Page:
My mother has always been very proud of her hometown of Wetaskiwin. She often recounted to us stories of her school days, teachers and activities. I have wonderful memories of spending every Easter in Wetaskiwin with my Montgomery cousins and visiting Montgomery's store. One of our most prized possessions is the Montgomery family tree made by my Uncle James Montgomery. And when our daughter was born 12 years ago, we named her Claire Montgomery Pennie, after my mother and the Montgomery connection.

Although my mother is a very strong individual, as her daughter, I was never made to feel that I should be cast in the same mould. In fact, my differences were welcomed and celebrated. Even though I remained single until I was 31, my mother never once mentioned that fact! - or pressured me to be anything other than what I was. She encouraged any educational interest I had, including studying French in Quebec, Italian history in Rome and spending four years at Queens University studying history, with little concern about where it would lead. My parents' interest in service and social issues encouraged me to choose social work as a career. Now that I am married and the mother of two young children, I find myself striving to create the same kind of home my mother did, with the same balance in life that she achieved. Although I am educated with a career, like my mother, I find great satisfaction in being the "household manager" (as my husband calls me!) and to do volunteer work. My husband and I could have no higher goal than to raise our children in the similar atmosphere of unconditional love and acceptance which I experienced growing up in the Bowker home.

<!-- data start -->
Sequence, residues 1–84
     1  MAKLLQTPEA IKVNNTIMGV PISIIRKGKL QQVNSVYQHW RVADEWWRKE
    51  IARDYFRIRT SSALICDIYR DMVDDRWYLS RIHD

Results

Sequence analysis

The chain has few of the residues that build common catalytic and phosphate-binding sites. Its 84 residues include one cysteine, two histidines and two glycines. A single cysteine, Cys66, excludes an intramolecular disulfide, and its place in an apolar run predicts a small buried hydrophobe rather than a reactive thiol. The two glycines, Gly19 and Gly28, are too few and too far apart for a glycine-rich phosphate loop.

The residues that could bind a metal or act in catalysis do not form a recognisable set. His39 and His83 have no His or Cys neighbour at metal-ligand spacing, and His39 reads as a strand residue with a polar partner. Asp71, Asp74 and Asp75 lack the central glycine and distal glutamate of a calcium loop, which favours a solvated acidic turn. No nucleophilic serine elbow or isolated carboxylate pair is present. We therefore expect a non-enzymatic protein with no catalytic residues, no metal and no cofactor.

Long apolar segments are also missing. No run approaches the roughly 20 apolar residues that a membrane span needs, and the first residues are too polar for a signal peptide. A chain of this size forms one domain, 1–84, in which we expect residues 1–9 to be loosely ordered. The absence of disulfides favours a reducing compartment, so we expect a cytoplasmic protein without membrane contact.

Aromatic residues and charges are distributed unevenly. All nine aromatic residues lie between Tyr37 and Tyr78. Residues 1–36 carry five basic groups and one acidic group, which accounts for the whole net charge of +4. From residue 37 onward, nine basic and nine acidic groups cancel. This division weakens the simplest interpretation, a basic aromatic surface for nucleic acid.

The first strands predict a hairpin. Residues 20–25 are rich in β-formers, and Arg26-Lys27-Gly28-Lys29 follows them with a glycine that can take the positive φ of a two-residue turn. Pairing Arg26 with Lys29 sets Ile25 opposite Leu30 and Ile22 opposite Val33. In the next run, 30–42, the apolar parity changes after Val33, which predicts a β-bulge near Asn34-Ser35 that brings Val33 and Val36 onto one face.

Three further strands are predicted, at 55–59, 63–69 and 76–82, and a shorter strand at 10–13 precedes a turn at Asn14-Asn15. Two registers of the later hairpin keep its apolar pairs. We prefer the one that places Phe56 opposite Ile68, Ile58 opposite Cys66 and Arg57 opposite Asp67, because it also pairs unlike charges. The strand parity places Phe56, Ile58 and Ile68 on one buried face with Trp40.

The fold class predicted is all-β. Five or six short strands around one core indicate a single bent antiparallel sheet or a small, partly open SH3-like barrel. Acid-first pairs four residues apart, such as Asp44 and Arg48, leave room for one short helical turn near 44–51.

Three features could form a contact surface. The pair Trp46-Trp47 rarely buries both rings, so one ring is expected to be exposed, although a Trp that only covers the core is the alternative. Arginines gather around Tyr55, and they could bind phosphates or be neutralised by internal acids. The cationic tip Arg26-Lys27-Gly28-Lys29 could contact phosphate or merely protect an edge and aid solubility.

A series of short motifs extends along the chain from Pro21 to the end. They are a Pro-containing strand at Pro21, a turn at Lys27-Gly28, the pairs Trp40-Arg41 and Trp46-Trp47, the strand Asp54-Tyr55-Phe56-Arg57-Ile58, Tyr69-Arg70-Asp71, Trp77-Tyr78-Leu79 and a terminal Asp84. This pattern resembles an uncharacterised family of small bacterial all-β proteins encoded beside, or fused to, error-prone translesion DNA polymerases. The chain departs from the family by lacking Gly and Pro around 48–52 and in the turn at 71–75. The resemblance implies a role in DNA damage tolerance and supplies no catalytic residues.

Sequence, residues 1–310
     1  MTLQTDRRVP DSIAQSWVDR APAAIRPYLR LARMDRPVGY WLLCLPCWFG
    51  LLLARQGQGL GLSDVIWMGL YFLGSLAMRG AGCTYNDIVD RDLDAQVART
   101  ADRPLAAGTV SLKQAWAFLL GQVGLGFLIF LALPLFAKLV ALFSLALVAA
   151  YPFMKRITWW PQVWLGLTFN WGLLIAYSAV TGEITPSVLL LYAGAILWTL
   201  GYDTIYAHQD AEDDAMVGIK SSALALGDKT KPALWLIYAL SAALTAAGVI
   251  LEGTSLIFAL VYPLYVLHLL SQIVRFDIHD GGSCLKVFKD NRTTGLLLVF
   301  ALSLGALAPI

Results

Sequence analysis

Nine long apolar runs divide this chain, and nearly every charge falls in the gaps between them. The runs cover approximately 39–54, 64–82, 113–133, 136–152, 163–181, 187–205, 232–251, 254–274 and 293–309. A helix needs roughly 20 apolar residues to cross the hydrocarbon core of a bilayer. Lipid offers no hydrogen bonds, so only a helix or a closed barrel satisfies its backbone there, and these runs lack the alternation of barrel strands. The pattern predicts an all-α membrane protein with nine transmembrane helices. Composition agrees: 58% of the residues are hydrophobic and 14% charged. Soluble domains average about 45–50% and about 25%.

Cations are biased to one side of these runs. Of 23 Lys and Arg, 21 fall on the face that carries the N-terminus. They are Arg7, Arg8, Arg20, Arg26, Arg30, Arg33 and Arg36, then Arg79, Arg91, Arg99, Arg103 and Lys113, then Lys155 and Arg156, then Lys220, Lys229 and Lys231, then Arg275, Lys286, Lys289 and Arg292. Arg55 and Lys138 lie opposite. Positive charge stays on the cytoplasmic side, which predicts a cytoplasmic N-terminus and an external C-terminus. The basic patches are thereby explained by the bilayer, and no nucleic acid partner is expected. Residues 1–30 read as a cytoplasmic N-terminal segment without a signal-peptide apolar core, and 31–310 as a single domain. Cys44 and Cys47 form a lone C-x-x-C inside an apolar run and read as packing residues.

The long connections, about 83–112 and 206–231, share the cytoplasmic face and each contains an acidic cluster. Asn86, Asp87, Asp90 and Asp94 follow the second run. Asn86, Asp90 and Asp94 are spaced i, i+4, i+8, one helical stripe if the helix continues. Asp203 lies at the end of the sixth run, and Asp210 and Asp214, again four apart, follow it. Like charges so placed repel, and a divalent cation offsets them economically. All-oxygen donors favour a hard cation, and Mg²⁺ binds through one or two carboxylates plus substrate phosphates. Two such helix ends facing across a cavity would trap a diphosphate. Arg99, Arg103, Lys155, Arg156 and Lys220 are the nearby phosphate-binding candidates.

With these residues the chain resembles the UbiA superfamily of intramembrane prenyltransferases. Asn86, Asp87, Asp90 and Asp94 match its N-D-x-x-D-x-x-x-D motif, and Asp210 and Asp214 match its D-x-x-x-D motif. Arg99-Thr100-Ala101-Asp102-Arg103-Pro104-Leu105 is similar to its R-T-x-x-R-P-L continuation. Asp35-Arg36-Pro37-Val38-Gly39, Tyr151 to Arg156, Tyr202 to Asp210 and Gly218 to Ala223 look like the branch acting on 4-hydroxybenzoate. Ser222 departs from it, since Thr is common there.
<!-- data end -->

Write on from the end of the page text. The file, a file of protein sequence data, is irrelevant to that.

In summary, I feel that my mother's success in life can be measured not only in the amazing public success she has achieved as a lawyer, lecturer, judge, writer and activist, but in the fact that she has been happily married for 55 years, is on excellent terms with her adult children and grandchildren, and that she remains serene and contented within herself.

Yours sincerely,
Lorna Bowker Pennie, BA (Hons), MSW


Research and Writing: Jennie Lundell, Roma Simonson and Harriet Liddle
Contributors: Irene Montgomery and Marjorie Bowker
Curator: Harriet Liddle